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                  A Guide to Keeping Kosher
      Fundamental Practices of the Jewish Dietary Laws
                     Why Keep Kosher
   In seeking a rationale behind any commandment, one must

understand that the essence of a mitzvah is its emanation from G-d: a holy Divine decree designed to elevate the Jew in both body and spirit. Whatever reasons we discover to explain and heighten the importance of keeping kosher are merely theories, not meant to supersede the ultimate value of kashrut - the establishment of a bond between G-d and His people.

   Eating is a basic function, common to all human life.  We

spend a good deal of our time with food: buying it, cooking it, eating it. No fewer than 50 of the 613 Biblical commandments deal with food. A Jew must approach this universal need in a spiritual as well as a physical manner, and elevate it to a holy act. by asking,"Is it kosher?", by shaping our diet to conform to G-d's dictates, we sanctify our tables, and ourselves.

   Keeping kosher, a way of life not nearly as difficult as

it at first seems, carries with it imminse rewards and satisfactions. It makes a home a Jewish home; it gives our meals a unique, traditional quality; it forges a link in the grand chain of Judaism now more than 3,000 years young. Above all, it creates a special feeling in that man, woman, boy, or girl, who is making his or her life a little bit more divine.

                How Do I Know It's Kosher?
   The word "kosher" means fit for use according to Jewish

law. Although the Torah does list the signs identifying kosher animals and fish, the intricacies of food processing today require a strict supervision by a qualified Mashgiach (kashrut supervisor). For all processed foods, it is absolutely impossible to determine the kashrut of a product strictly by examining the ingredients on a package. Federal law does not require the listing of all ingredients. A product may contain kosher ingredients but be prepared in an unkosher fashion (i.e., pans greased with animal fat); an ingredient may in itself require supervision (i.e., mono and diglycerides). Therefore, an essential part of kashrut is the symbol accompanying the product which informs the consumer that every aspect of kashrut has been observed regarding this product.

   There are many kashrut symbols.  The most widely accepted

of these are the Circle-U (OU), Circle-K (OK), Chof-K, and the Triangle-cRc. Other symbols should be checked out with a competent orthodox Rabbi as to the level of qualified supervision. A "K" alone on a product does not assure its kashrut, since the "K" cannot be copyrighted and anyone may put a "K" on a product, kosher or not. The words "Kosher", "Parve", or "Kosher-style" do not assure kashrut, again for the above-mentioned resons. Both products and establishments (butcher shops, restaurants, etc.) need proper supervision by a competent orthodox Rabbinical authority or organization.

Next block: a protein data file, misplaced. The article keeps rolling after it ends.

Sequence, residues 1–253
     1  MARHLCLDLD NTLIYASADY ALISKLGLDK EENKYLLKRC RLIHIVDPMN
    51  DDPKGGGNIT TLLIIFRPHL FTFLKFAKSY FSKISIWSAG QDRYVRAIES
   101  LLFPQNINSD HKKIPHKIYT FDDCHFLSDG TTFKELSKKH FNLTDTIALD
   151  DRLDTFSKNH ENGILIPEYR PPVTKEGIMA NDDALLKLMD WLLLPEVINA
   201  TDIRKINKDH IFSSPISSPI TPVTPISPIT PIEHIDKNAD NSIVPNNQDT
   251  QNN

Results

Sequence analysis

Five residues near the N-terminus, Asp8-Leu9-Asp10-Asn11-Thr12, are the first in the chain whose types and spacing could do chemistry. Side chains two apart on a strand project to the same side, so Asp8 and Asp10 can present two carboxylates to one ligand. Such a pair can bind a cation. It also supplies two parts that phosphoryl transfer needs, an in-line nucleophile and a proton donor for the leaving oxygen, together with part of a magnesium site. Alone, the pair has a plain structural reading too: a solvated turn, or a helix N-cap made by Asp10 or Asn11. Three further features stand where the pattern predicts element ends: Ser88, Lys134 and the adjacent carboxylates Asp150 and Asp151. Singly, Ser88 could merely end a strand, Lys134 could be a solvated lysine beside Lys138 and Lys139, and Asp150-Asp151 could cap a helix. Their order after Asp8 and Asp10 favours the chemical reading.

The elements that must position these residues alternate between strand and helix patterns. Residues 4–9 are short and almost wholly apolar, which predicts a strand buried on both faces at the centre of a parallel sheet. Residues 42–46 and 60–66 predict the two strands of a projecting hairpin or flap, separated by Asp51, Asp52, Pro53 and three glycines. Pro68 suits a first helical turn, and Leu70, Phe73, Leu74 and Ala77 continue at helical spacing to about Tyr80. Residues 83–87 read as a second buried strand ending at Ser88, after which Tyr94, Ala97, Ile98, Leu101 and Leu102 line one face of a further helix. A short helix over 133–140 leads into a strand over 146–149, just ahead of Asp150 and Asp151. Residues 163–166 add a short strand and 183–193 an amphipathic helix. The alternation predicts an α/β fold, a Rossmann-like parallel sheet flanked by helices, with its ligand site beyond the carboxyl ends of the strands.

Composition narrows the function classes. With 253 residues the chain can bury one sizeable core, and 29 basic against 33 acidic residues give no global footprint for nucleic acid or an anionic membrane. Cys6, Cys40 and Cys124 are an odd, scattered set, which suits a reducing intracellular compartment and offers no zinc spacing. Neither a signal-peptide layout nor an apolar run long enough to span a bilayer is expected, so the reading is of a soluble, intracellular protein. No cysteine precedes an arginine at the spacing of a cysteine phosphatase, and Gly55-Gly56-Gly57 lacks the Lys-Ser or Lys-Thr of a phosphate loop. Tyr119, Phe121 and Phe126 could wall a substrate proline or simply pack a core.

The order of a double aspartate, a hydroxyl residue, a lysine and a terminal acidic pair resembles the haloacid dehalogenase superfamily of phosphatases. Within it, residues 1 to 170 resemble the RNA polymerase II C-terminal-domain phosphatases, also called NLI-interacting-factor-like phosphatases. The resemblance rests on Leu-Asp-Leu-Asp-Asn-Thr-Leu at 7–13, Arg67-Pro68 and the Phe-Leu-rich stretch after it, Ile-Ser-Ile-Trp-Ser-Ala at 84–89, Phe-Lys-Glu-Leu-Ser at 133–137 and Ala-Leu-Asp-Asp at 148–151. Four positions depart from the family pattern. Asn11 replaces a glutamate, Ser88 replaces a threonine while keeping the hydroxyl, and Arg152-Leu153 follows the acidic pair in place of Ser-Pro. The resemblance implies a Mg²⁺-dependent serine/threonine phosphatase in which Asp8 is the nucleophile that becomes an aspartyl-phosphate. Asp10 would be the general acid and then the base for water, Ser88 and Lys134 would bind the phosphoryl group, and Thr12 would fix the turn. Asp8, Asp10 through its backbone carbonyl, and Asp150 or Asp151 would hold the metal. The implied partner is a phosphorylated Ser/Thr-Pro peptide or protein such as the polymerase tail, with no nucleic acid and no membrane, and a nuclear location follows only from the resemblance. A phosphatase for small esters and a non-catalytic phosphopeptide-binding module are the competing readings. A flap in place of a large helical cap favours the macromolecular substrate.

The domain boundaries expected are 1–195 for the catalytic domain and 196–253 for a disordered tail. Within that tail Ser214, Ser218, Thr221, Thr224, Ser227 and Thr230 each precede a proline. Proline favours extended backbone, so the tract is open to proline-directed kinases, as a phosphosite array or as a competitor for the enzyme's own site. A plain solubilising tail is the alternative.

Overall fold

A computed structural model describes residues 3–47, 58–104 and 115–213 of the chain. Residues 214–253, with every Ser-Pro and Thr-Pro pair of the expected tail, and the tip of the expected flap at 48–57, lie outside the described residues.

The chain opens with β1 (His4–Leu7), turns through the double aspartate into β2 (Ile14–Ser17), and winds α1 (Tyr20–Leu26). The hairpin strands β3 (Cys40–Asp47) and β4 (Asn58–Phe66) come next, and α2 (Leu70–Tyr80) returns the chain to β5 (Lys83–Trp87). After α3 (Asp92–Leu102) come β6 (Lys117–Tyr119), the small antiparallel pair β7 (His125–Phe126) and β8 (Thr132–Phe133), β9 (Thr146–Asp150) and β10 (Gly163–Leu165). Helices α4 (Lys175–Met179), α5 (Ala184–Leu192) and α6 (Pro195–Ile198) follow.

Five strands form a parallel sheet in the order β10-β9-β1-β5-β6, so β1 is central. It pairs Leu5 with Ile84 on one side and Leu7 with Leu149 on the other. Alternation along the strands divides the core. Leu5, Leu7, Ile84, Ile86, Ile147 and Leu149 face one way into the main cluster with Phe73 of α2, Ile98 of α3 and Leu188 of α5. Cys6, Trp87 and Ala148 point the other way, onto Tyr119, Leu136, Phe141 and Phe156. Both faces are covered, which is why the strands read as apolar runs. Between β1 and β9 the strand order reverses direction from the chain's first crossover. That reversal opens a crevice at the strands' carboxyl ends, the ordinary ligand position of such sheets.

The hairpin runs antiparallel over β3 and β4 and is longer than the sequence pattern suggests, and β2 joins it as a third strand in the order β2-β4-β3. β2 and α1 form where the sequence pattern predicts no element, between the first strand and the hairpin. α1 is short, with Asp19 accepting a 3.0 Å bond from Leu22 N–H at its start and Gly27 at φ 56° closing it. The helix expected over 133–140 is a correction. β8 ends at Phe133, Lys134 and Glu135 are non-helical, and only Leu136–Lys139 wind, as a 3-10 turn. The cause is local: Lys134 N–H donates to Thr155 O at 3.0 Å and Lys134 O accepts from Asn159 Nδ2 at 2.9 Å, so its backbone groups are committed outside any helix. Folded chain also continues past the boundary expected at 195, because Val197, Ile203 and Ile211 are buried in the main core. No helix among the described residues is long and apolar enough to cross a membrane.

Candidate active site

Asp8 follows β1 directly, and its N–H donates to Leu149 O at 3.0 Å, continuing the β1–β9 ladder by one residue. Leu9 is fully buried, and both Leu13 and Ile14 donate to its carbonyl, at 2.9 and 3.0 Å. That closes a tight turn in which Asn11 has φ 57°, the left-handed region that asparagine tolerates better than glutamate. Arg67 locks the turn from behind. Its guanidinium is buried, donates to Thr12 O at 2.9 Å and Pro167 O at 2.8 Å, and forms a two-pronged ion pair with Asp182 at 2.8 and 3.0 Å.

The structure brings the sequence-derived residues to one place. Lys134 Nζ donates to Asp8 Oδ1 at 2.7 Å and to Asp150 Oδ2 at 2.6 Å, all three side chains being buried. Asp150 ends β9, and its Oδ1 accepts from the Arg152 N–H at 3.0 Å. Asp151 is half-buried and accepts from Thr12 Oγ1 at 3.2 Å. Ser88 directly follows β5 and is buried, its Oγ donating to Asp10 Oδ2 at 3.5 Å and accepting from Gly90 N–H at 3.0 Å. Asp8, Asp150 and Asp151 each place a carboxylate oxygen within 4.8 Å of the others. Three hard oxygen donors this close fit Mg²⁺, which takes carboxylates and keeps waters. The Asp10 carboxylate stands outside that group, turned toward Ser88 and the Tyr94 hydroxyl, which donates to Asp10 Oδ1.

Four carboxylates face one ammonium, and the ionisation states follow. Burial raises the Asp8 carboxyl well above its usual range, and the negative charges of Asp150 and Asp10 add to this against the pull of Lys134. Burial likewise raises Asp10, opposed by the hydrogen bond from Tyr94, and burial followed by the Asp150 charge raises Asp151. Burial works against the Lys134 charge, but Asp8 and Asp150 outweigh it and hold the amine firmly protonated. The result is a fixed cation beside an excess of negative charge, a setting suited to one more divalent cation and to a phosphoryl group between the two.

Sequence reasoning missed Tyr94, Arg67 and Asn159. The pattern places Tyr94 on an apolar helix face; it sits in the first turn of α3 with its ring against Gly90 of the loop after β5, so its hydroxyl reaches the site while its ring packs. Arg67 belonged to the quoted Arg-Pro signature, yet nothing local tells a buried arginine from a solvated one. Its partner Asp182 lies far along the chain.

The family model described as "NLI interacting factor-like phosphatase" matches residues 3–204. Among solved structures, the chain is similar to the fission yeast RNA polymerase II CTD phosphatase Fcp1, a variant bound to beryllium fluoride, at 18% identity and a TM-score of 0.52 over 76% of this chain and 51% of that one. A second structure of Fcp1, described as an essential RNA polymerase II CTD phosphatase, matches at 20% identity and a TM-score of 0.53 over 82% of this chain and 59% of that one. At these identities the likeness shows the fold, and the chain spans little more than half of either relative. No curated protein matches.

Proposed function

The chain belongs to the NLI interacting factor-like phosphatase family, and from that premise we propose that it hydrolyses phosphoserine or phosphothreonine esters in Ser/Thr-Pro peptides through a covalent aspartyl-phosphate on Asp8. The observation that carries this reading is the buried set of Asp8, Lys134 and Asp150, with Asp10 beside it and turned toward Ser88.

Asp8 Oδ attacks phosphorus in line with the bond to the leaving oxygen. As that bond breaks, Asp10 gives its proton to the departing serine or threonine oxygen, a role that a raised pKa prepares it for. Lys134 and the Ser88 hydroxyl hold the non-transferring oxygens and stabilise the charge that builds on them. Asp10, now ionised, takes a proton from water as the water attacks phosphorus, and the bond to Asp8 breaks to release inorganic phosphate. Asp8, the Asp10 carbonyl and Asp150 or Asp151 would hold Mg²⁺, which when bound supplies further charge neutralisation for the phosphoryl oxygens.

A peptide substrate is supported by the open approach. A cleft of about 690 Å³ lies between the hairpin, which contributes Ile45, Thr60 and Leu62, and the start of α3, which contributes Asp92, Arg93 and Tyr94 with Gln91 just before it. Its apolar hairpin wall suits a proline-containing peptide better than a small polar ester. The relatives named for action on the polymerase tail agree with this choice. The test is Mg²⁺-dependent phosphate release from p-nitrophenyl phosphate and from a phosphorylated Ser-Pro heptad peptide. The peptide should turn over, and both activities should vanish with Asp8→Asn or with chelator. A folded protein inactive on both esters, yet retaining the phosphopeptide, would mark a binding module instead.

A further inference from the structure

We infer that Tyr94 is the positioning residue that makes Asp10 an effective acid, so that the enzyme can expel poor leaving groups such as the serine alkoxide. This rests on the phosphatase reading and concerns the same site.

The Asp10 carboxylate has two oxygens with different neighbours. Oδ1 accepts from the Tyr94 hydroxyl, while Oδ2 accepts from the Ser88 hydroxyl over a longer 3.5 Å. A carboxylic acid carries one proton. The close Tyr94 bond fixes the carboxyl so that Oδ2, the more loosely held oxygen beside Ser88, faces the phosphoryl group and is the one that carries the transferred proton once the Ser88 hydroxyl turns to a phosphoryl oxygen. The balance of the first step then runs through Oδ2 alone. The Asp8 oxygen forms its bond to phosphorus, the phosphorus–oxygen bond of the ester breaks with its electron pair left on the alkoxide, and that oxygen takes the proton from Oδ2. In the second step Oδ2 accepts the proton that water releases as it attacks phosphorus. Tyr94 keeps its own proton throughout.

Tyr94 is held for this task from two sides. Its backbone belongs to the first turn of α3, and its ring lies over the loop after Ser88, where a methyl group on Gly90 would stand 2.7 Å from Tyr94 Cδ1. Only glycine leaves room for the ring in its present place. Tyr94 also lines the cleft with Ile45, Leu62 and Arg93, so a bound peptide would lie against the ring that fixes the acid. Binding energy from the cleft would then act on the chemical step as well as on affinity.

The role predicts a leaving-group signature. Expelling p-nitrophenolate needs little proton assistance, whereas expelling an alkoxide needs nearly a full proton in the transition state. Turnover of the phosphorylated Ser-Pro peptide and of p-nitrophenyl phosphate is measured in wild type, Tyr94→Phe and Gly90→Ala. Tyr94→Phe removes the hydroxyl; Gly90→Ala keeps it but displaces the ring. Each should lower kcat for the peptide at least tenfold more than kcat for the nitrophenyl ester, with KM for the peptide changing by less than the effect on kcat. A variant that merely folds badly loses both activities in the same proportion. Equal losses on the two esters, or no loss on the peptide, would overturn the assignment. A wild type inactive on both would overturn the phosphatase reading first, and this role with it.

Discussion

Setting Up a Kosher Kitchen
   For those ready to embrace the mitzvah of Kashrut, there

are several steps invilved in setting up a kosher kitchen.

   1) Consult your rabbi to determine what foods, utensils,
      appliances, and kitchen paraphernalia are kosher or may
      be made kosher.
   2) Make a list of the utensils and dishes for meat and
      dairy meals.
   3) Tour a supermarket with a kashrut-observing friend to
      familiarize yourself with kosher products.
   4) Designate specific areas of your kitchen for meat and
   5) Color-coordinate your meat and dairy utensils and
   6) Designate and label baking utensils as pareve, and
      store them in a parve area.
   7) Designate one sink (or one side of the sink) as meat
      and the other as dairy.  Each should have its own dish
      rack, sponge, and mat.
   8) Prepare a brief description of your kitchen's kashrut
      setup (such as where you keep your meat and dairy
      dishes and silverware) for baby sitters and house
   9) There are several organizations which provide subsidies
      for those converting a home to kosher.  Up to 50% of
      the cost of your new dishes may subsidized.  Contact
      your rabbi for details.
  10) In the event of a mix-up in your kitchen, set aside the
      dish or utensil and contact your rabbi.
               Separate Dishes and Utensils
   The kosher kitchen has separate sets of dishes, pots,

silverware, trays, and sugar and salt containers. It is advisable to have different colors or patterns for meat and dairy utensils, so as to avoid their accidentally being mixed together. Utensils should be differently designed or properly labeled "M" or "D", if possible, and kept in separate cabinets.

                         The Sink
   Separate sinks for washing dishes and preparing foods are

preferable. If there is only one sink, dishes and silverware should not be placed directly in the sink. Separate dish pans or slightly elevated racks should be placed in the sink, and the meat or dairy dishes placed on them.

   The sink accessories, such as dish towels, sponges,

scouring pads, and draining boards, should be separate for meat and dairy, The same tablecloth, unless washed in between, should not be used interchangeably for meat and dairy. Kosher detergents and soaps must be used.

               The Refrigerator and Freezer
   Meat and dairy products may be placed in the same

refrigerator or freezer; however, care should be taken to prevent spilling or leaking from one shelf to another. It is advisable to designate different shelves for meat and dairy products.

                      The Dishwasher
   It is preferable that a dishwasher be used for either meat

or dairy only, but not both.

                     Small Appliances
   A mixmaster, blender, food processor, grinder, etc. does

not require a separate motor in order to be used for meat and dairy products. However, one must use separate attachments to the appliance (blades, dough hooks, glass bowls, etc.) which come into direct contact with food. Even when using separate attachements, the machine should be cleaned thoroughly after each use.

                    The Oven and Stove